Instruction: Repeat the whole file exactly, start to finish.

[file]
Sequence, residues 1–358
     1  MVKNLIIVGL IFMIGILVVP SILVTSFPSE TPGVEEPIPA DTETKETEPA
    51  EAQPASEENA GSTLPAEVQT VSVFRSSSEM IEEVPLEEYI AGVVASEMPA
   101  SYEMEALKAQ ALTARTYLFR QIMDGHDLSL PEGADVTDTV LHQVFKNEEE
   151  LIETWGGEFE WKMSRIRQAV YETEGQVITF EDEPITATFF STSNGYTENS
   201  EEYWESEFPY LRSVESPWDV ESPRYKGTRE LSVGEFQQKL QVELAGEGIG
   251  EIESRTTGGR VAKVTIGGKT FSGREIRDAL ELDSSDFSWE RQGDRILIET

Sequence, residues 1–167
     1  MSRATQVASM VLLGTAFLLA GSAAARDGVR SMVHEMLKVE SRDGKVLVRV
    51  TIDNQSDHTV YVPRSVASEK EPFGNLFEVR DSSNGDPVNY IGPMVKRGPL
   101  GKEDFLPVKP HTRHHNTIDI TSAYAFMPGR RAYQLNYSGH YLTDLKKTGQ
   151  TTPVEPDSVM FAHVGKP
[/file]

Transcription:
Sequence, residues 1–358
     1  MVKNLIIVGL IFMIGILVVP SILVTSFPSE TPGVEEPIPA DTETKETEPA
    51  EAQPASEENA GSTLPAEVQT VSVFRSSSEM IEEVPLEEYI AGVVASEMPA
   101  SYEMEALKAQ ALTARTYLFR QIMDGHDLSL PEGADVTDTV LHQVFKNEEE
   151  LIETWGGEFE WKMSRIRQAV YETEGQVITF EDEPITATFF STSNGYTENS
   201  EEYWESEFPY LRSVESPWDV ESPRYKGTRE LSVGEFQQKL QVELAGEGIG
   251  EIESRTTGGR VAKVTIGGKT FSGREIRDAL ELDSSDFSWE RQGDRILIET

Sequence, residues 1–167
     1  MSRATQVASM VLLGTAFLLA GSAAARDGVR SMVHEMLKVE SRDGKVLVRV
    51  TIDNQSDHTV YVPRSVASEK EPFGNLFEVR DSSNGDPVNY IGPMVKRGPL
   101  GKEDFLPVKP HTRHHNTIDI TSAYAFMPGR RAYQLNYSGH YLTDLKKTGQ
   151  TTPVEPDSVM FAHVGKP